Photo credit: Australian Associated Press. The issue of marriage equality has finally been resolved in Australia, after the federal Parliament passed legislation on Tuesday to allow two people to marry regardless of their sex or gender. After four days of debates and discussion of many proposed amendments, the House of Representatives voted in favour of […]
Regardless of your own faith or beliefs, there is no denying that religion has been a major influence on human societies since the beginning of time and continues to be to this day. Religion continues to dictate the foods people eat, the choices they make, and how they spend their free time. Ultimately, how one […]
The result of the Australian Marriage Law Postal Survey was in favour of legalising same-sex marriage, and it now falls to Parliament to enact the required legislation. Senator Dean Smith’s Marriage Amendment (Definition and Religious Freedoms) Bill 2017 has long been the preferred option of most politicians, and on the afternoon the result of the […]
Photo credit: Australian Associated Press. After a highly emotional public debate riddled by misinformation and forced justification, the Australian people have voted ‘Yes’ to legalise same-sex marriage. The ABS announced on Wednesday morning 61.6% of eligble voters ticked ‘Yes’ in the non-binding, non-compulsory $122 million postal survey, with 38.4% of voters ticking ‘No’. Photo credit: […]
Photo credit: Alex Proimos (Flickr) — CC BY 2.0 licence The long awaited High Court judgement on the so-called “Citizenship Seven” has disqualified Deputy Prime Minister Barnaby Joyce, Senators Fiona Nash and Malcolm Roberts, and former Senators Scott Ludlum and Larissa Waters from Parliament. Senators Nick Xenophon and Matthew Canavan have not been disqualified. A by-election […]
Photo credit: Adam Roberts (website) Mass shootings in the United States are inevitably accompanied by fierce political debate about gun control, and the Las Vegas Strip Shooting has been no exception. Seemingly before the bodies were even cold, spokespeople from both sides of the debate popped up on television arguing for more restrictions or fewer […]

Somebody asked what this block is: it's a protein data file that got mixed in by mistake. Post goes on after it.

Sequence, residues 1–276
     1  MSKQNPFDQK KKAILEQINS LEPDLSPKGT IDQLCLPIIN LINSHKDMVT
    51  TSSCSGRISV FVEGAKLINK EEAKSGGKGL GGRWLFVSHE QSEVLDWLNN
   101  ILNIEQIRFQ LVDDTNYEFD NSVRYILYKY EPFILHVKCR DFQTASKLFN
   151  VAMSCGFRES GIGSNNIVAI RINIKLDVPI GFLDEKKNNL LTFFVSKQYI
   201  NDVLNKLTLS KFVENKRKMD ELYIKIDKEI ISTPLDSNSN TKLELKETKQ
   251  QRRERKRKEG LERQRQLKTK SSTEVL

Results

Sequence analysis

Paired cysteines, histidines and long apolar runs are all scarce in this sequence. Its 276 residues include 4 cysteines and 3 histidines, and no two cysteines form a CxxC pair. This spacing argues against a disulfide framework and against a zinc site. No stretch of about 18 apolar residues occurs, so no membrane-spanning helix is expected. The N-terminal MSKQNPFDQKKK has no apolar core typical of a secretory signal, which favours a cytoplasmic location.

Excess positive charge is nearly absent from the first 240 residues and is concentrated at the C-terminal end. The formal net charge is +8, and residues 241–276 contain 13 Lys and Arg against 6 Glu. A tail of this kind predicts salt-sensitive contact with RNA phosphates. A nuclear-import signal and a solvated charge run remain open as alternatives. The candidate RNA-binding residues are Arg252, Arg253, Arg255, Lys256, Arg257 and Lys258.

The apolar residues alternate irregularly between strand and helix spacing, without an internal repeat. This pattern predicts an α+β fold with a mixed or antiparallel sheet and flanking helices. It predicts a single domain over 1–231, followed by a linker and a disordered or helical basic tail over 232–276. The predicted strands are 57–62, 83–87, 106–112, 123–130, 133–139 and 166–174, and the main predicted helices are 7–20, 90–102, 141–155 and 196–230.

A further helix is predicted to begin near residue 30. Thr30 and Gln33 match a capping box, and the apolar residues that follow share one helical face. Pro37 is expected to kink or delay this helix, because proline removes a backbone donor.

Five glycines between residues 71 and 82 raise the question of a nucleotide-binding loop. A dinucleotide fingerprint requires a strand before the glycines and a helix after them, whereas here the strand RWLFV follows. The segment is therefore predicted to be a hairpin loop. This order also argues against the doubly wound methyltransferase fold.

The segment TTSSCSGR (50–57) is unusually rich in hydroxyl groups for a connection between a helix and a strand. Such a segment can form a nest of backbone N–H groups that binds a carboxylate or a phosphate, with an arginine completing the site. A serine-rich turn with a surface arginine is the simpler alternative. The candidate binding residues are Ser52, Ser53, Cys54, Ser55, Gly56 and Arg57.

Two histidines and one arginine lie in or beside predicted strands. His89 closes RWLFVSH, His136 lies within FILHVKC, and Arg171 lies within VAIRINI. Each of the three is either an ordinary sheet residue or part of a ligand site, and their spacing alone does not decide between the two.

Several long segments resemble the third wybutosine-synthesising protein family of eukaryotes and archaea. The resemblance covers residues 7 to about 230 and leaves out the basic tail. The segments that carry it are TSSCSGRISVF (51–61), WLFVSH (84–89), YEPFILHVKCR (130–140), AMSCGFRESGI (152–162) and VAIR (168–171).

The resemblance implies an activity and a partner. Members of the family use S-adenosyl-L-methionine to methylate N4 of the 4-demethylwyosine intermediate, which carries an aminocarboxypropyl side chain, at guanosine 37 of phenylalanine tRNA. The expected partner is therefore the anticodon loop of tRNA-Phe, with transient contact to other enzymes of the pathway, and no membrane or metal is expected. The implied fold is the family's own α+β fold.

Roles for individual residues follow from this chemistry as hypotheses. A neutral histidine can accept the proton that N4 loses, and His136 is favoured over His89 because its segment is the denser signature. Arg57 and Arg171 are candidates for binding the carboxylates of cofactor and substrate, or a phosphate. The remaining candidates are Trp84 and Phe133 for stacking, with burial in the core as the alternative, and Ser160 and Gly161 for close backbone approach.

Now that the High Court prepares to hear cases concerning the dual citizenship status of seven current and former parliamentarians, it is important to reflect on the reasons why section 44(i) of the Australian Constitution exists. What exactly is it meant to prevent? Is it doing its job?
Australia stands almost alone in the Anglosphere in its lack of marriage equality, with only Northern Ireland to keep it company. Canada, Ireland, New Zealand, South Africa, most of the United Kingdom, and the United States have all achieved marriage equality over the past decade-and-a-half, through a variety of judicial and legislative mechanisms. Australia is […]
There were a few initial hints that the turnout would be as massive as it turned out to be — the snatches of overheard conversation on the train into Town Hall, the mass of people a full thirty-five minutes early crowding the narrow construction bollards and milling around in the square near St. Andrew’s, selling […]
Photo credit: StockSnap (Pixabay) — CC0 public domain dedication The High Court has dismissed the challenges to the same-sex marriage (SSM) postal survey. The ruling means that the postal survey will go ahead as planned, with ballots being mailed out from Tuesday 12 September 2017. The challenges were made by SSM advocates, Independent MP Andrew […]
In 1953 the Council of Europe adopted the European Convention on Human Rights, establishing a regional system to protect human rights in its member states, complete with domestic and regional courts to enforce it. Regional systems have also developed in the Americas through the Organisation of American States, and through the African Union. This leaves Asia and the Pacific as the only region without a human rights system.
The recent spate of referrals to the High Court about dual citizenship has put quite a few political careers on the line, and has made for some pretty interesting news in the meantime. But can we expect things to get resolved anytime soon? Not likely — at least not before the High Court starts considering cases in October. Either way, the path forward on the citizenship issue is rocky, and is a bit different for each House of Parliament.
In Part 1, we had a look at the definition of free speech according to two United Nations instruments, and some common principles that give rise to exceptions for it. In this article, we’ll be looking in more detail at how this applies to a country — namely Australia — and then how everything changes once you jump online.
Here in Australia, we consider ourselves quite ‘lucky’. I can put pretty much what I like on Facebook, and know that police won’t be showing up at my door. Unless I start posting about bombs, or assassination, or terrorism, perhaps – but even then, it depends on the context. I could be talking about water bombs, the mafia card game, and Counterstrike.